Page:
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The Fades [updated] • 22 October 2011 • The SnowBlog

The Fades [updated]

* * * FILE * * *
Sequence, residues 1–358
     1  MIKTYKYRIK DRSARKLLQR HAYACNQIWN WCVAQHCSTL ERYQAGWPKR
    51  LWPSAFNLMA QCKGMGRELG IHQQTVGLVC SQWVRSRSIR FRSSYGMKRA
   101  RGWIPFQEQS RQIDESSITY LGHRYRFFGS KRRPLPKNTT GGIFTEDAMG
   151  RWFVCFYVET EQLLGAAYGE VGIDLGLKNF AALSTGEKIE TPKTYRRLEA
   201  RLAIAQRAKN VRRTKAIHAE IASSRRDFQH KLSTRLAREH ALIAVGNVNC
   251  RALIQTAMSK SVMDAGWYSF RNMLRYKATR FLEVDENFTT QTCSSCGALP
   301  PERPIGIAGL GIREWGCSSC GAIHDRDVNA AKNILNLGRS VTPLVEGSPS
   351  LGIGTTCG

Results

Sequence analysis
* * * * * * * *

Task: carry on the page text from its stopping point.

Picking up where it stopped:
My last post was a hasty recap of what screenwriters have to say about storytelling (albeit my interpretation based on my limited knowledge). I wanted to consider a particular example of storytelling in this post by looking at the very interesting and also slightly flawed drama The Fades, which has been showing on BBC Three for the last five weeks. There's one more episode to come, at the time I'm writing this, and I don't think there's any way for me to talk about the show without spoiler-ing it, so be aware there are heavy spoilers for eps 1-5 ahead. There's a lot to like about The Fades. It looks great and it sounds great. There are no weak links in the acting. There's very little cliché in the dialogue: people are forever saying things you haven't heard before. It's funny (occasionally it's also annoying, but only a little). And it's so weird and inventive that it's difficult to think of anything that's quite like it - at least in tone if not in structure. But. Did you sense a 'but' coming? Even though I like almost everything about it, I find my attention wandering or I find myself getting impatient with the pace of the story. And I think part of that is another tip that screenwriting manuals typically mention - usually in their troubleshooting section - that you have to make sure your protagonists aren't too passive or too reactive? And I think The Fades really suffers here. For eps 1-4, Paul, the main character, is unsure about everything. He's confused and passive and events happen to him as though he's merely a cork bobbing around in a storm. Moreover he suffers from the typical superhero/'chosen one' problem in that he rejects the idea that he's special - or if he is, he's not sure what to do about it. His approach to everything appears to be to pretend it's not happening. Mark the schoolteacher is also a confused victim of events. And DCI Armstrong, Mac's dad, is the same: powerless and confused. And when he does act, it's to make matters worse because he's totally in the dark too. Paul's mum also fails to understand what's happening and Jay and Anna are both oblivious as well (one in a kind way, the other as cuttingly as possible). Only the Angelics are a little bit pro-active - but they can't really get any grip on their destinies because they're quickly slaughtered, for the most part, so any 'agency' they may have amounts to nothing. They don't properly understand what's happening nor are they able to affect it. Which means there's no one to tell us what all the dream sequences and murders and pupating are all about until we've watched about three hours of this stuff. Even when Neil hints that he has a few answers, Paul pushes him for very few of them. He's too busy staring off into the distance to share our hunger for the knowledge needed to make sense of events. And if he isn't demanding that information then why should we care about it? Yet without it, much of what happens is opaque to us. Episode 4 marks a change: characters start to get a grip on their lives and by episode 5 even Paul is beginning to act rather than react. But it's been a long time in coming and only at the very end of ep 5 does Paul seem to have made a meaningful decision about his future (I don't count his earlier decision to live a double life because in practice that just meant totally ignoring everything except Jay). And there's been so little useful exposition that I keep discovering new facts in the 'Previously' montage at the beginning of a new episode. Now that's not on: you shouldn't be learning what the hell happened last time by watching a recap of it. (In fact renaming ghosts as 'fades' actually muddies the waters. Call them 'ghosts' and we're immediately halfway to understanding the significance when they start taking solid form. Was the writer shying away from the word 'ghosts' to avoid acknowledging that the Angelics could best be described as 'ghostbusters'? Update: it sounds like that's a pretty good theory. In this interview, the writer, Jack Thorne, says that Ghostbusters - crossed with a U.S. show called Freaks and Geeks - was the starting point for The Fades.) And I suppose the problem starts with the Angelics. If anyone sort of knows what's going on with the dead being reborn, it's them, even though they are wrongfooted at every turn by events. But after five episodes we still don't know what their function was. They have guns, they have special powers, but what on earth were they up to before dead people started coming back to life? The world used to be full of ghosts that most people couldn't see: why do you need firearms, clairvoyance and the power to heal in order to 'police' those ghosts? What does that even mean? In a sense, the story takes place not in our everyday reality but in the reality of the Angelics - and we've never learned the rules of that world. Stories must abide by their own internal logic if they're to make sense and we still haven't been made privy to that logic. What I'm saying is that without a bit more exposition up-front, I haven't been able to work out the significance of much of what's happened until a couple of hours of viewing later. And that's a tricky thing to ask of a viewer: that they store large chunks of the plot for later interpretation, or worse, so they can react to it emotionally later. The only things we do understand early on is that we want Jay and Paul to get together, and we want Anna to be nicer, for Paul's mum to understand him better, and we want people to treat Mac well and for Mac to support Paul in being... whatever he is. And those were the moments that made the most sense and felt the most interesting. But there have also been dozens of scenes by now that contained transformations or chases or encounters or sightings for which there was no explanation or context - which means it was difficult to feel very connected to them. And there were characters, like Mark the schoolteacher and Sarah his wife, who didn't appear to be relevant for a long while. Now of course the writer doesn't want to fix all these problems by inserting a cheesy voiceover at the start of episode 1 which intones, "Since the dawn of time, the Angelics have watched over The Fades, the souls of the dead who wander the Earth. But now a change has come..." No, the writer wants to leave all of that a mystery and have the viewer work it all out. Which is well and good, but instead of setting the characters to work, purposefully digging up the exposition they need in order to make sense of what's happening, he's had them stumble around bewildered for the first three hours of the story, leaving me wishing we could skip ahead to the point where they snap out of it and show some 'agency'. If I'm right, then having a few characters acting purposefully, according to decisions each has made, would have made them seem much more vibrant and interesting - which in turn would have held my attention a little better. They don't need to be on the right track from the start, but they do need to have some direction and be exerting themselves in ways we can identify with. Now you might say that it's very artificial to demand that the protagonists of a story are dynamic and decisive. In real life people often dither. But the problem with that argument is that if the hero of your story acts listless and bewildered for long enough, then they cease to be the story's hero and characters in the background with more 'agency' start stealing scenes. Bad superhero movies are often like that: the baddie is dynamic and interesting, the good guy simply wrestles with his doubts and responds to the baddie, which makes him seem like he's on autopilot. My recollection of the early Batman movies are like that: Batman is bland and plodding, but the Joker and the Penguin bring the story to life. I'm not suggesting we do away with self-doubt or that no one must ever panic. But there's a difference between watching a character struggling to orient themselves versus watching them flounder helplessly for hours. And until the hero's character begins to assert itself and affect the shape of the story, even the most fabulous gore and humour and occult mystery can seem like treading water. That all said, I'm definitely looking forward to the finale next week. I'm fairly sure they'll have saved some good stuff for last. Moreover, none of the above should be taken to mean that I a) don't want more dramas like The Fades or b) don't want more dramas from the people who made The Fades. 'Cos I do.